Lessons from uLearn16: Keynote 1

This was my first uLearn and I suspect I’ll be processing the experience for many weeks. However, I thought I’d get a few thoughts down before things get lost in the daily minutiae when school starts back again tomorrow!

Larry Rosenstock: It’s time to change the subject

measure-twice1

A saying that is suitable for life – not just carpentry!

Larry spoke about his school, High Tech High, and the project-based learning approach that they use.

It’s funny (and not in a humorous way) that despite the rapid change that is going on in the rest of society, schools continue to operate in the same way they have for centuries. And this is true of secondary schools in particular.

The school day is still segmented into random times, learning is divided into subjects, and these subjects are given a hierarchical importance. Value continues to be placed most highly on English, mathematics, and science, despite the fact that our students are heading out into a vastly different labour force to the one that schools were originally designed to cater for.

Add to this New Zealand’s NCEA requirements, where learning is separated down even further into artificial and discrete units, and it’s no wonder students may have difficulty applying what they know across curriculum areas and into different contexts.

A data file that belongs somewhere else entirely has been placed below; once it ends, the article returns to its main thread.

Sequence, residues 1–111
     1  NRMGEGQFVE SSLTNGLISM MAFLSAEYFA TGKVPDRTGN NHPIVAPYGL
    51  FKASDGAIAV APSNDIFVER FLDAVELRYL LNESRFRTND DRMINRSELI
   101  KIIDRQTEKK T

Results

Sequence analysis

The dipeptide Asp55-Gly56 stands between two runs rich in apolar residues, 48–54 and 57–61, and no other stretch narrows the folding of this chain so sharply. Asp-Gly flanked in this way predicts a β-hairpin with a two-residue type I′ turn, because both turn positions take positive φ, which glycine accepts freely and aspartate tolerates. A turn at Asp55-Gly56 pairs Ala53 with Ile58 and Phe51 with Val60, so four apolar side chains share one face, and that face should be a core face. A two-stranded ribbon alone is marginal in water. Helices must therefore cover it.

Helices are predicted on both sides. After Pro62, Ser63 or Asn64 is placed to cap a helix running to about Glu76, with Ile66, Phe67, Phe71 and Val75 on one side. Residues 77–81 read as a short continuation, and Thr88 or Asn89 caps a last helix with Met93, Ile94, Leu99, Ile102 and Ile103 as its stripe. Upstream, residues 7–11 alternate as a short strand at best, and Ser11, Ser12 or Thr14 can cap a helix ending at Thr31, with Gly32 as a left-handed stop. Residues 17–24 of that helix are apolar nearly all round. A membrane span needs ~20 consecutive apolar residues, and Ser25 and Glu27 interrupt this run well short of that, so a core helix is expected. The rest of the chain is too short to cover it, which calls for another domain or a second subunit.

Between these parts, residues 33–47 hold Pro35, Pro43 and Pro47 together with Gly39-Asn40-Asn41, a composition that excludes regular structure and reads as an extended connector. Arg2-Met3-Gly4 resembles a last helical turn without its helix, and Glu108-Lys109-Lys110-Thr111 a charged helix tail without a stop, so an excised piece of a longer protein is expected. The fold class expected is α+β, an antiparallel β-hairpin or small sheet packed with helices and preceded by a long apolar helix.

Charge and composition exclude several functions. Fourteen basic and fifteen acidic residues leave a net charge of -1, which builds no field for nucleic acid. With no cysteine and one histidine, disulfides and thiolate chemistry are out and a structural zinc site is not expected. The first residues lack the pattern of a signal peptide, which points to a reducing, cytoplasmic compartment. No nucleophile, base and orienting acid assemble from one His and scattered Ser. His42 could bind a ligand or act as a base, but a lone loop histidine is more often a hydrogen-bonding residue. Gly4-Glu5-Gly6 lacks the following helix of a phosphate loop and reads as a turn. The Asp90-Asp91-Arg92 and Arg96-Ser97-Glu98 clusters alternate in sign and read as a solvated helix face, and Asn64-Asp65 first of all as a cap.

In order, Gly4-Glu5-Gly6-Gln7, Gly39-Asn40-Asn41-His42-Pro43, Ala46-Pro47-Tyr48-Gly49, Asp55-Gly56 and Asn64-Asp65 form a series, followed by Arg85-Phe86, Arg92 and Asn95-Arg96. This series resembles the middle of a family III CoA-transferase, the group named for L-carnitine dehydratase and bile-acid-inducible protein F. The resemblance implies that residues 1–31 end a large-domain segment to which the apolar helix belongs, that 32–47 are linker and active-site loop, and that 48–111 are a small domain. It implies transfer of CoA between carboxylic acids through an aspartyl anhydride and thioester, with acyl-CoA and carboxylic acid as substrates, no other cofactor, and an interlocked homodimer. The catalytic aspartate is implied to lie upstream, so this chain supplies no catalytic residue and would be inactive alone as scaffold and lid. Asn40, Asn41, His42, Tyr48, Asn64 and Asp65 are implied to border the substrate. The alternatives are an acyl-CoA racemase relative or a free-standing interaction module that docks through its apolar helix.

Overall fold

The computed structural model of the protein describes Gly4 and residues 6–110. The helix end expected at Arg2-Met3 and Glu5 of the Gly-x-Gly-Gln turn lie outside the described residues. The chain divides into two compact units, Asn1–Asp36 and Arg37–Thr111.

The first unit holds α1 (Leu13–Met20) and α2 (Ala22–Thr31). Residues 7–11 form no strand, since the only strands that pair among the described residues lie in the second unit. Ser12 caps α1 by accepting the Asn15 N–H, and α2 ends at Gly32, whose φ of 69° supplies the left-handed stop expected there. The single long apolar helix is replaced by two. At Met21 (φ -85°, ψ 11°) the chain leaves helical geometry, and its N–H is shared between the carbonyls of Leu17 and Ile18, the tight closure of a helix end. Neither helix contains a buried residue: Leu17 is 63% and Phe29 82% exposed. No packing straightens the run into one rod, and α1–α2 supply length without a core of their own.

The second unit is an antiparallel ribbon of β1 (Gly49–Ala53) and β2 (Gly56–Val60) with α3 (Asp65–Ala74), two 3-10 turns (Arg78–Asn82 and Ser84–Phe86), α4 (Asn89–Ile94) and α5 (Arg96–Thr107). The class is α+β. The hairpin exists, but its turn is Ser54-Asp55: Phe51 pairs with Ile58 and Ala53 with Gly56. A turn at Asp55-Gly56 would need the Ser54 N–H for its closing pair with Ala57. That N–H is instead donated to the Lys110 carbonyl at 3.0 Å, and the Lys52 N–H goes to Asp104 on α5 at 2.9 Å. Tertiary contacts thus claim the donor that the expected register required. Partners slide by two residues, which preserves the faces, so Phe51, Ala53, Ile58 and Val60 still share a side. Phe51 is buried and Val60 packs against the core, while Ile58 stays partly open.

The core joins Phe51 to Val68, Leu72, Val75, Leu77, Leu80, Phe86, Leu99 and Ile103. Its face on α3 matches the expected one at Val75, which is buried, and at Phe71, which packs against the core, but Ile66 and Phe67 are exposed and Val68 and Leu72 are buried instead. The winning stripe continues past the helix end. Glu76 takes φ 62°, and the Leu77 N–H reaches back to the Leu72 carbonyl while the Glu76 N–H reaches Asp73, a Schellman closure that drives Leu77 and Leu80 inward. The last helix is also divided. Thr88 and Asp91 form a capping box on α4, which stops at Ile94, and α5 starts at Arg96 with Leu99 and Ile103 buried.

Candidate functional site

A key point I got from Larry is that we create false dichotomies in education: projects don’t have to be maths or art, they can be maths and art. Similarly, it doesn’t have to be a student-driven curriculum versus exam based, it can be both. We will need some brave school leadership (and this may have to be prompted from below) that can see learning that puts the student at the centre can still produce the required* NCEA results.

*required by students, parents, schools and the Ministry.

education-is-life

John Dewey – still making sense after all this time

So what, now what?

What does this keynote mean to me and my practice? What impact does this have on the school library?

  • I will definitely stop talking to students about when they are out in “the real world” – they’re already in it!
  • I will look for ways for teachers to collaborate and get cross-curricular links happening – the English and Earth & Space Science information literacy standards seem ripe for this
  • I will champion those subjects deemed lower down in the education hierarchy

Some links and follow ups:

 

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